Allworthy. Nature, when you cannot take liberties with her, is always a clog on Art, and gratitude constrains the license of the will of men more than malevolence, inasmuch as there is a greater difficulty in disguising particulars. But Allworthy is not so unnatural as he is unsatisfactory; for a very benevolent and very unsuspicious man, whose head was not quite so good as his heart, might act in the way here described. Moreover, his folly and injustice (for his action towards Tom really deserves these words) are not only useful, but almost necessary to the course of the action—a defence rather technical than convincing, but technically good. And here it may be sufficient to say a few words about the effect of Fielding’s long practice in drama before he took to fiction. The order has not been usual, for obvious reasons, though the contrary process, the corruption of a good novelist into a dramatist not so good, is, for reasons equally obvious, quite common. But Fielding and Dumas are eminent instances of the happy effect which dramatic practice exercises on the novelist. Dumas, a better dramatist than Fielding, cannot touch him as a novelist; but, like him, he owes to his dramatic practice the singular freedom of even his most hastily cobbled-up stories from what is really otiose. His playwright’s eye kept him from the commonest and worst fault of novel- writing, the introduction of matter irrelevant to the story. But it may be somewhat questioned whether the same playwright’s habit did not in Fielding’s case induce the fault of being contented, in rare instances, with what was necessary for the story.

This operated, I think, even more strongly in the case of Blifil. I do not know that even he can be pronounced wholly unnatural. “A prig, and a bad prig,” is not, I fear, an unnatural character in itself. But for this or that reason, Fielding has not made this young wretch alive, as he has made every one else, great and small, among his personages. He seems almost to have deliberately abstained from doing so. We see very little of Blifil in action; he is generally recounted to us. The “messengers,” to use the term familiar to readers of the Greek drama, do his business; the author hangs back to tell his misdeeds; himself is seldom in much evidence on the actual stage. It may be that Fielding could not trust himself with him; that he felt that if he had allowed his figure to appear more actively, something of the dreadful greatness of Jonathan Wild would have passed into Blifil, and have dwarfed and eclipsed the healthier and lighter characters. It may be that he disliked him too much, and shovelled him as quickly as possible out of his hands, as a little later he may have done with a particularly loathsome rogue at Bow Street. But here again these are weak excuses. If Thackeray has one great advantage over his master, I think it is when we compare Barnes Newcome with Blifil. They are very much alike; indeed, as Mr. Blifil, we are expressly told, “retired to the North,” it may possibly have happened that some of his blood was in the veins of that most respectable family. But Barnes is much more human, much completer, much more alive. The late Mr. G. S. Venables, an excellent lawyer and an excellent critic, used, I am told, to remark in connection with some puzzling passages at the end of Oliver Twist, that “Dickens hanged Fagin for being the villain of a novel.” I am inclined to think that Fielding exacted a more terrible penalty from this his one odious child for the same offence. He deprived him to life to start with.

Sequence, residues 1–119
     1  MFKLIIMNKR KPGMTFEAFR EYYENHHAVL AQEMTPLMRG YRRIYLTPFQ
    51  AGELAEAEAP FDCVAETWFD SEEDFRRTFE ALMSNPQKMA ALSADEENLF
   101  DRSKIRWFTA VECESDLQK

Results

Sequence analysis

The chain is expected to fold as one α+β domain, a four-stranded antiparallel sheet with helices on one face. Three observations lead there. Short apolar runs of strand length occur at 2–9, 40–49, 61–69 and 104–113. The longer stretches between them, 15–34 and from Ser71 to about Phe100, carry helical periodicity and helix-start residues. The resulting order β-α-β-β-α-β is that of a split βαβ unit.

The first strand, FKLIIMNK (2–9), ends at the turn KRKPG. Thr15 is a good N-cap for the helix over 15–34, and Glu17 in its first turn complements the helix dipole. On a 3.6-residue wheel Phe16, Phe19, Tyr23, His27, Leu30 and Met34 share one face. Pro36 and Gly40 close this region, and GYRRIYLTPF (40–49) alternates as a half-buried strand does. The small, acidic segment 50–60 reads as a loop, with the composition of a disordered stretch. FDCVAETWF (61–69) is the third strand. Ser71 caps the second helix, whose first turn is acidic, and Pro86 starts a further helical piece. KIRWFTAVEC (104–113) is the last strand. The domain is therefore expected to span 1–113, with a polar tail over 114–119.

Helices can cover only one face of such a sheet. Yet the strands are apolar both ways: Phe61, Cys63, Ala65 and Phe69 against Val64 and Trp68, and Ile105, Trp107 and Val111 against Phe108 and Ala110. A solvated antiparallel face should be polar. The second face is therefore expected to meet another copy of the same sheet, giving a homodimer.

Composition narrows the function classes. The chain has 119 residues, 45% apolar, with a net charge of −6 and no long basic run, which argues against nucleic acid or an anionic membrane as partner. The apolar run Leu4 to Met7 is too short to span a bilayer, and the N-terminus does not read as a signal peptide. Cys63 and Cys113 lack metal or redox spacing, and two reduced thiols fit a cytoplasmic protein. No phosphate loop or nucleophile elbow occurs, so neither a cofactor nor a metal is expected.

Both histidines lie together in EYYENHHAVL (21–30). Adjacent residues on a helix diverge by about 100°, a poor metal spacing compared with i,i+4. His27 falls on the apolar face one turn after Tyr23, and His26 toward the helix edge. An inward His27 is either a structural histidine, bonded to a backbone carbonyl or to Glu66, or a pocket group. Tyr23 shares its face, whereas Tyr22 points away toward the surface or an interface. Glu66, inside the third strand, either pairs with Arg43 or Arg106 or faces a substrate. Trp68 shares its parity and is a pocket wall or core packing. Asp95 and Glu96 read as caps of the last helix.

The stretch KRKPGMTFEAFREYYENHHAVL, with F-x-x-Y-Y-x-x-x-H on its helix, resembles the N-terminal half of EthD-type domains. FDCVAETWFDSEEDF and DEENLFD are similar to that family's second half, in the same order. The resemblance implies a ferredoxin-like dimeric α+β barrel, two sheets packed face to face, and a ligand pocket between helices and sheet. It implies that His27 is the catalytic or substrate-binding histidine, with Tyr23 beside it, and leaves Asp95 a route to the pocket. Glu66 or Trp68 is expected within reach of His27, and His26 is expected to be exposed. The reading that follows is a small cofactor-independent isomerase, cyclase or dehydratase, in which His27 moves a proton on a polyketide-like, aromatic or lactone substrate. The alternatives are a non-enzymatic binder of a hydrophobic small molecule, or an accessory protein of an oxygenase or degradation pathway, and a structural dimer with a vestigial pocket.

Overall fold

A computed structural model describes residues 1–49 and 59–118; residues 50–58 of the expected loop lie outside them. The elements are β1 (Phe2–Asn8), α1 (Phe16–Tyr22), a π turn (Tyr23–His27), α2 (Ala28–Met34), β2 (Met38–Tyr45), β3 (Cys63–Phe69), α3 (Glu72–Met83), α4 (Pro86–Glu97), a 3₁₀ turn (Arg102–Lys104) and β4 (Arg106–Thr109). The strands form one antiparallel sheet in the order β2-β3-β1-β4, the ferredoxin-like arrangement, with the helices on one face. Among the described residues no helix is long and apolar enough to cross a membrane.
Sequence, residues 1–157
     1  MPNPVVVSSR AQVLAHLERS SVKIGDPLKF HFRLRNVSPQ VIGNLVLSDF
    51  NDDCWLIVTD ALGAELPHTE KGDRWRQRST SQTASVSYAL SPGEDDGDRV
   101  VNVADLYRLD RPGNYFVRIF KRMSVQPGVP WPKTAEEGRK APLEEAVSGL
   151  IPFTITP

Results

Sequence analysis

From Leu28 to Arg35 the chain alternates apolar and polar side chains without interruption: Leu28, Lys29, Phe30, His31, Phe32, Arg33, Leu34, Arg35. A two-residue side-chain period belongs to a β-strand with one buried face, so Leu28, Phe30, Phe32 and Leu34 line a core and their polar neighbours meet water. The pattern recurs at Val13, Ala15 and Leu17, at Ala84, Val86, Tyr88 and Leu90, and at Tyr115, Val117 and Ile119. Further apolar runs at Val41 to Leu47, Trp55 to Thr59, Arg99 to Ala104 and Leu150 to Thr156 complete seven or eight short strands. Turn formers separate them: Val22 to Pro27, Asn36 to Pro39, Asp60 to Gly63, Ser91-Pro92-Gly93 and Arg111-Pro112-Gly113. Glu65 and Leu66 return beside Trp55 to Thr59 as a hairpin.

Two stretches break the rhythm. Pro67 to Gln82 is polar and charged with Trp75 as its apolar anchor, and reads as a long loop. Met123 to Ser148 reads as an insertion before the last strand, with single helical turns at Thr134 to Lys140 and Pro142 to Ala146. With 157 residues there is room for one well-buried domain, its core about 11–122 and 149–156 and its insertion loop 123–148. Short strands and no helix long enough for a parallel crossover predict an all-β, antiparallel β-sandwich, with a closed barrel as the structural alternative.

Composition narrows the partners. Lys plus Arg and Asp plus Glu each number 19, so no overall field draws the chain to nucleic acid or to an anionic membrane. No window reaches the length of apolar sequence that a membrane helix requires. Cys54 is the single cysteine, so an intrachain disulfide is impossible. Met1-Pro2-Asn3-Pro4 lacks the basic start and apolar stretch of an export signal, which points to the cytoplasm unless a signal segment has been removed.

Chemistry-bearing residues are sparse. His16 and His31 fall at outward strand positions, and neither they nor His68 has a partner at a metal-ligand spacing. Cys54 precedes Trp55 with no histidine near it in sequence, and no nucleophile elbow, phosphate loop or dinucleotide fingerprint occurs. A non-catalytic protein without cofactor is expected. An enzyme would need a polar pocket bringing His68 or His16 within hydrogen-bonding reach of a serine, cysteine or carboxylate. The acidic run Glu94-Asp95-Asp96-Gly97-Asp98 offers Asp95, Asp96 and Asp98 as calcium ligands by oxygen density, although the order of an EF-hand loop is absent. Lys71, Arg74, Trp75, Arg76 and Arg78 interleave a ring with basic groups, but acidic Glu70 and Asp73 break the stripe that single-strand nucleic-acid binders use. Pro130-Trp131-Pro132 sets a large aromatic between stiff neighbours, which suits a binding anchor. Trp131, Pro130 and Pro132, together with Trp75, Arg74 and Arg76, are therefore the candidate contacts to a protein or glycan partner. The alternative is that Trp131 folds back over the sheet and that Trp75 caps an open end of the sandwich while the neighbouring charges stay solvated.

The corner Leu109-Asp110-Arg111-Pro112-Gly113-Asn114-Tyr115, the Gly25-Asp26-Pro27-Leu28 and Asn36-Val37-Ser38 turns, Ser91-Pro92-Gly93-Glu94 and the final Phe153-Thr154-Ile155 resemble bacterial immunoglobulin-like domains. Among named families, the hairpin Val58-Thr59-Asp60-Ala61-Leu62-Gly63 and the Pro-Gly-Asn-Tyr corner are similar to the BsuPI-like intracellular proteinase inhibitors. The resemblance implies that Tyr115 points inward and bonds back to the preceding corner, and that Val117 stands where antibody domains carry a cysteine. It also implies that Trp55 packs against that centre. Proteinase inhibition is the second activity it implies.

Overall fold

Nobody can say this of Blifil’s brother by the mother’s side. “Mr. Thomas” is exceedingly human; and the objections which have been lodged against him have been and must be quite different. With one of them—the anathema launched by Colonel Newcome—there is some slight difficulty in dealing. But the Colonel, though one of the best, was not one of the wisest of men, and he was decidedly weak in history. It might be almost sufficient to say that Scott, the paragon of manly chivalry, and not always a very lenient or sympathetic judge of Fielding, does not seem to have taken any special objection to the Lady Bellaston episode. And I frankly admit that I do not see why he should. In the first place, it must be remembered that the point of honour which decrees that a man must not under any circumstances accept money from a woman with whom he is on certain terms, is of very modern growth, and is still tempered by the proviso that he may take as much as he likes or can get from his wife. In Fielding’s days, or but a very little earlier, this moral had simply not been invented. Marlborough, his father’s great commander, notoriously took a large sum from the Duchess of Cleveland in precisely Tom Jones’ circumstances; and though Marlborough’s enemies included the bitterest and brightest wits of his time, they seem to have objected, when they objected at all, rather to his careful investment of this money than to his acceptance of it. No easy-going gentleman of the late seventeenth and early eighteenth centuries in France or England—and it must be remembered that to compare Tom Jones with the grave and precise ones is absurd—would have thought the worse of himself for accepting a present of money from his mistress, any more

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